Unnnngh, continued indefinitely
Diane in MN
Your condition reminds me of the last time I had real, honest-to-goodness influenza, a couple of decades ago. I made it worse by attempting to go to work on the days I felt marginally better–that was the first week; the second week I just stayed home. My husband had been out of town the first week, but since he caught it as soon as he got home, we were both knocked out the second week, barely able to stagger downstairs to heat up soup. I hope you do NOT have honest-to-goodness flu and see the end of your current affliction very soon.
Yes, along about the third day you have trouble getting out of bed you start thinking about the Spanish flu that killed 50 million (or so) people in 1918, right? A little learning is a dangerous thing, especially when you’re ill and less emotionally stable than your usual calm, sane self.*
I finally heard from Hannah today (we having missed connections mainly due to germ ramifications this last week) that she got home and went down with bronchitis. Joy. I can’t wait to find out that’s next on my agenda. At the moment it’s mostly a really alarming head cold with this bloody cough, and some fantastically exciting gastric complications. And I didn’t fever-spike last night which I want to believe is a good sign. I’m getting the hellhounds hurtled. Where is my medal. But I do miss breathing. And tasting my food. And my eyes not starting to go fuzzy after about two hours of reading or staring at a computer screen. Yet another mark for the excellence of knitting: you can knit when your eyes are too fluy to focus on print.
I agree–don’t know how I survived waiting and boring events before knitting.
Boring events including having flu. Here I thought it was just about badly organised handbell evenings and very long stoplights on your way to your voice lesson.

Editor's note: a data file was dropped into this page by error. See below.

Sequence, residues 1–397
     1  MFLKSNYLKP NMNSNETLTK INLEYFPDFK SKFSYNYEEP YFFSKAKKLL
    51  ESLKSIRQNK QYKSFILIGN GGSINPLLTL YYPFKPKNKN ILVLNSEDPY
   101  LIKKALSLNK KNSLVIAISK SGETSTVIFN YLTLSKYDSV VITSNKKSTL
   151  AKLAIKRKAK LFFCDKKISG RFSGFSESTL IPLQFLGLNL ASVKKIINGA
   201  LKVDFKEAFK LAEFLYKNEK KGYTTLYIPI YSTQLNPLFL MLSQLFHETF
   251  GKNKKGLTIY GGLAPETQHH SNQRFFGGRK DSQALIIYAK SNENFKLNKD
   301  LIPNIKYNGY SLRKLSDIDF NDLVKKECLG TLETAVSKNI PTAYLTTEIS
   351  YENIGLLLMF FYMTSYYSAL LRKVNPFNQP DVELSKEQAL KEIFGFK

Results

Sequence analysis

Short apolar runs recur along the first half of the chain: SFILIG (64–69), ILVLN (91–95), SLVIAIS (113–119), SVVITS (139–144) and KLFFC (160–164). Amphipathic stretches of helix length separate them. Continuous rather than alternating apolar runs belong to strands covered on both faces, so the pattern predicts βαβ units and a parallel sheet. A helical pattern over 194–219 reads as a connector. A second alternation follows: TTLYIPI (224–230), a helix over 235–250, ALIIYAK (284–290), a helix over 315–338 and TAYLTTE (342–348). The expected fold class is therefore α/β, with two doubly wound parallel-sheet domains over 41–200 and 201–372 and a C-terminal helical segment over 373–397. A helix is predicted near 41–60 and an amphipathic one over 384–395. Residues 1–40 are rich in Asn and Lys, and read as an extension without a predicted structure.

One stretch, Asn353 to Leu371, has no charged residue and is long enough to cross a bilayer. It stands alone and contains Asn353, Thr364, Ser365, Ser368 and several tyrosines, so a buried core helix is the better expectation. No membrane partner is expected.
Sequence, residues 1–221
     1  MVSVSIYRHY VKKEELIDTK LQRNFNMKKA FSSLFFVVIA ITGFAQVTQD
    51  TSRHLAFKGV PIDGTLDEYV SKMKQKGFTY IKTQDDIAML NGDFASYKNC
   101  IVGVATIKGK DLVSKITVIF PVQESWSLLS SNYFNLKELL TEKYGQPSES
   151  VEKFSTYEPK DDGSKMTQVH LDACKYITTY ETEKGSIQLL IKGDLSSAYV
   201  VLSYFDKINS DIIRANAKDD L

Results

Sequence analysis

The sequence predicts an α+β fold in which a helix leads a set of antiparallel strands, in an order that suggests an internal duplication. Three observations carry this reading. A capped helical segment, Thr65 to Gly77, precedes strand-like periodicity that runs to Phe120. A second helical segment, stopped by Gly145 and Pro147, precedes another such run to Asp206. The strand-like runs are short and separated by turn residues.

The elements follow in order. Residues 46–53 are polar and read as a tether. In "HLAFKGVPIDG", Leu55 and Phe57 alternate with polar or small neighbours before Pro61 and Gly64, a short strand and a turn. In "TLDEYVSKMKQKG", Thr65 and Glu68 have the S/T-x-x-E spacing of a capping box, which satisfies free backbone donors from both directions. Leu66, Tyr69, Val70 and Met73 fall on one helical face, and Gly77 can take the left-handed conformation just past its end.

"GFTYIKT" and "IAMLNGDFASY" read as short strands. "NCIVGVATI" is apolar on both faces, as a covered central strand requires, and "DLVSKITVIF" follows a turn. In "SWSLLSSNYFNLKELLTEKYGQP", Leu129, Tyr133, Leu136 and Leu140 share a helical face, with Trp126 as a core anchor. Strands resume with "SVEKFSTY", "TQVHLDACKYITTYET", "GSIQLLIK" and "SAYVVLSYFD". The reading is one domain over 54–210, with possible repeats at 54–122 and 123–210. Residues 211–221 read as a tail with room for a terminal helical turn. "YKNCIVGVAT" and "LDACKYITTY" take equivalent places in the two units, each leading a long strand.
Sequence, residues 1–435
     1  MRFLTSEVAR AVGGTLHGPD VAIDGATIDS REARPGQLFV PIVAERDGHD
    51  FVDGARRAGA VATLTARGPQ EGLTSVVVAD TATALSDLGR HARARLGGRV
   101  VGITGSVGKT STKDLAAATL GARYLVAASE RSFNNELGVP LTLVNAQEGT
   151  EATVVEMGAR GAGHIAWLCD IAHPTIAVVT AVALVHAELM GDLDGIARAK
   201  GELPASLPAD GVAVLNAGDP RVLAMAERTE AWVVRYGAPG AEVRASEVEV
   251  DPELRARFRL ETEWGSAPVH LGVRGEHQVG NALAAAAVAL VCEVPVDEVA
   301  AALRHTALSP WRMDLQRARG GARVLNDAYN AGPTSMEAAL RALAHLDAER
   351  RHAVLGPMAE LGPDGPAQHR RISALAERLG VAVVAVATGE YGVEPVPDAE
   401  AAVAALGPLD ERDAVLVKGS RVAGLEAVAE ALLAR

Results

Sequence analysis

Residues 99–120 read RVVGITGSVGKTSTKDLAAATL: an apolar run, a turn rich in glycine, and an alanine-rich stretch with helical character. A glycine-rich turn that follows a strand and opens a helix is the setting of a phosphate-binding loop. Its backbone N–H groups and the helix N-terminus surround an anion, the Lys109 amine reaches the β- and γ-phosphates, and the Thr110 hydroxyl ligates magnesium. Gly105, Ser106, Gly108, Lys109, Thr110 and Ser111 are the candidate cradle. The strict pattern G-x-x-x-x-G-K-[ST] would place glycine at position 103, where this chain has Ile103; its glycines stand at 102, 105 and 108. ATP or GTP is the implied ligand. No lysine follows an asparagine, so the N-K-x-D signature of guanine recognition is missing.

I don’t think I’ve mentioned that I am not merely working on the second leg warmer, but that I cast on and immediately started ribbing—not only without having to redo the first few rows about forty-seven times, but without even thinking about it. I cast on and started knitting. Yaaay. Progress.
YAY!!! *so proud*
Well at least you’re continuing to accept responsibility for your part in my yarny downfall.
Isn’t that an awesome feeling? Just . . . casting on and knitting?
Um. . . . Okay. Yes.
I won’t lie and say you’ll never have to fiddle and retry ever again
If at the point where I can do the exact same ribbing I just did for 1,000,000,000 rows for the first world’s longest leg warmer without thinking about it for the second, there were no challenges left ahead of me . . . knitting would clearly be unworthy of us. So what a good thing I HAVE MANY HOURS OF BEING DRIVEN OUT OF MY TINY FREAKED-OUT MIND to look forward to.
— because it happens to EVERY knitter no matter how long she’s been knitting –
Especially if she keeps being drawn farther and farther into the dark side. A friend is sending me the pattern for a rose intarsia pullover—or I think it’s intarsia; I don’t actually need to know at this stage—that I have about as much chance of making successfully as I do making the world safe, happy, peaceful and environmentally sound by pointing out that the majority of our heads of state are morons. And blondviolinist tweeted me this today: http://www.amazon.com/gp/reader/0307586715/ref=sib_dp_pt/181-5660244-9068349#reader-link which I instantly found over here and ordered, despite the fact that I’m pretty sure even the flowers the author has labelled ‘starting out’ will be beyond me—and besides, I want to knit the rose, which is probably in the ‘resolute’ category.
but that’s a great step.
Yes, actually, it is, isn’t it? Hee. Also, I really need to FINISH something.
But may I just say that it amuses me that yesterday’s blog, preoccupied as it was with not only handbells but the miseries of illness, roused comments about what on the forum? Knitting